IE 11 is not supported. For an optimal experience visit our site on another browser.

Jeffrey Epstein victims' lawyers push for ruling on nonprosecution deal

Lawyers for sex offender Jeffrey Epstein's victims are waiting for a federal judge to decide whether or not he'll throw out the multi-millionaire's nonprosecution deal.

Lawyers for two of politically connected sex offender Jeffrey Epstein's victims are pushing a federal judge in Florida to finally rule on their request to void the moneyman's controversial nonprosecution deal with the feds.

Attorneys for Courtney Wild and a woman known only as "Jane Doe" filed their motions asking Judge Kenneth Marra to rule on the decade-old case over a year ago, but the judge has not yet done so.

On Monday, the lawyers filed a motion noting that it's been well over 90 days since all the paperwork has been filed on both sides of the case — nudging the judge to issue his long-awaited ruling.

Jeffrey Epstein at the launch of RADAR Magazine in May 18, 2005 at Hotel QT in New York.Sipa via AP Images

The victims' lawyers' filing was first reported by the Miami Herald.

Epstein's case returned to the headlines in recent weeks after a detailed investigation by the Herald highlighted former U.S. Attorney for Southern Florida Alexander Acosta's role in agreeing to the deal.

Acosta is now President Donald Trump's secretary of labor.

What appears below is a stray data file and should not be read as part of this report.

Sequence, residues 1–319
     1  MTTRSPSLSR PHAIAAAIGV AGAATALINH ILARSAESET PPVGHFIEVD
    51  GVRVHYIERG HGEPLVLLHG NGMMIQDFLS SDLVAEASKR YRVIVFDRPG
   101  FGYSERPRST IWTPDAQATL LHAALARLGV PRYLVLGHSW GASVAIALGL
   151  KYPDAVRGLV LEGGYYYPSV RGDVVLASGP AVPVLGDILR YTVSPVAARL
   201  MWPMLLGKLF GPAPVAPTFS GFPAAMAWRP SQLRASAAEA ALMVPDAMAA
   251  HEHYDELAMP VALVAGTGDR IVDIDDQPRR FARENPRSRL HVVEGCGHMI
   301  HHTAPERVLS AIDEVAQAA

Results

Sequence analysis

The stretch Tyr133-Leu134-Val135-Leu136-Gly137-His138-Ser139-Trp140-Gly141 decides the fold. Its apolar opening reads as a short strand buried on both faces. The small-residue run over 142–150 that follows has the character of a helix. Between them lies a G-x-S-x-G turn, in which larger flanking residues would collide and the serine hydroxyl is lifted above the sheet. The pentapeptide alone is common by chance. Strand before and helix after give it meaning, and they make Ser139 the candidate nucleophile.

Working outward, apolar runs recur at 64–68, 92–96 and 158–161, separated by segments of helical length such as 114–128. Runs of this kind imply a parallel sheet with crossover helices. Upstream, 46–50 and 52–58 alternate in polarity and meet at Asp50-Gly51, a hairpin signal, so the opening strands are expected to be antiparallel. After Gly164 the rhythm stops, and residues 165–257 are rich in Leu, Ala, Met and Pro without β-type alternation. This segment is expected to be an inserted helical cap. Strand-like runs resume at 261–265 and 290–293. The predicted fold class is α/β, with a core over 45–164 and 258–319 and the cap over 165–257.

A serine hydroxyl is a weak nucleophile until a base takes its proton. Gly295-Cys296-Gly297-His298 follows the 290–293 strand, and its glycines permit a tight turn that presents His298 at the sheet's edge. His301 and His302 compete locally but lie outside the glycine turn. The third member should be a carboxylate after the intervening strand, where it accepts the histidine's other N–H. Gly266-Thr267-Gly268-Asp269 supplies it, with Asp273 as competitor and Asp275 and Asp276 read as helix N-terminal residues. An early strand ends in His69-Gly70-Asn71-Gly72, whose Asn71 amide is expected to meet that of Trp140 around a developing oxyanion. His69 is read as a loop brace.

Epstein had been investigated for sexually abusing dozens of teenage girls in his West Palm Beach mansion in the early 2000s. He eventually struck a deal where he pleaded guilty to state charges involving a single victim in 2008. One of the conditions of that deal was the much larger federal investigation into Epstein and the people who helped him in his scheme would be dropped, according to filings in the victims' lawsuit against the government.

Epstein, now 65, wound up serving 13 months in jail, where he was allowed to leave almost daily through a work-release program.

The victims' suit argues that the deal was illegal because dozens of Epstein's victims were never told about it ahead of time, in violation of the federal Crime Victims' Rights Act (CVRA). The government maintains it didn't have to tell the women about the deal because Epstein hadn't officially been charged with assaulting them.

If the judge finds there were was a violation of the CVRA, he could void the agreement and Epstein could again be exposed to federal charges.

The Herald investigation has prompted Congressional requests for DOJ to investigate how it handled the case, and why it agreed to such a lenient deal for Epstein, a financier who was friends with the likes of Bill Clinton and Donald Trump.

Sen. Ben Sasse, R-Neb., in a series of letters last week asked the Justice Dept. to respond to requests about the Epstein prosecution by Dec. 7.

Sasse, chairman of the Senate Judiciary Committee's Subcommittee on Oversight, Agency Action, Federal Rights and Federal Courts, in one letter asked that the DOJ's inspector general review how the department handled Epstein's case and whether there was any misconduct; and in another demanded a briefing on the agency's "decision-making process." in the case.

"We need answers on this epic miscarriage of justice," Sasse wrote.

The DOJ has not commented on the requests and Sasse's office did not immediately respond to requests for comment on Tuesday.

Rep. Debbie Wasserman Schultz, D-Fla., was one of 15 Democratic lawmakers who sent a letter to DOJ on Nov. 30th demanding an investigation into the circumstances of the agreement as well. Her office said Tuesday that the agency has yet to respond.

One of Epstein's lawyers, Roy Black, has previously said there was no conspiracy to violate victims' rights, and the plea agreement was "no sweetheart deal by any stretch of the imagination."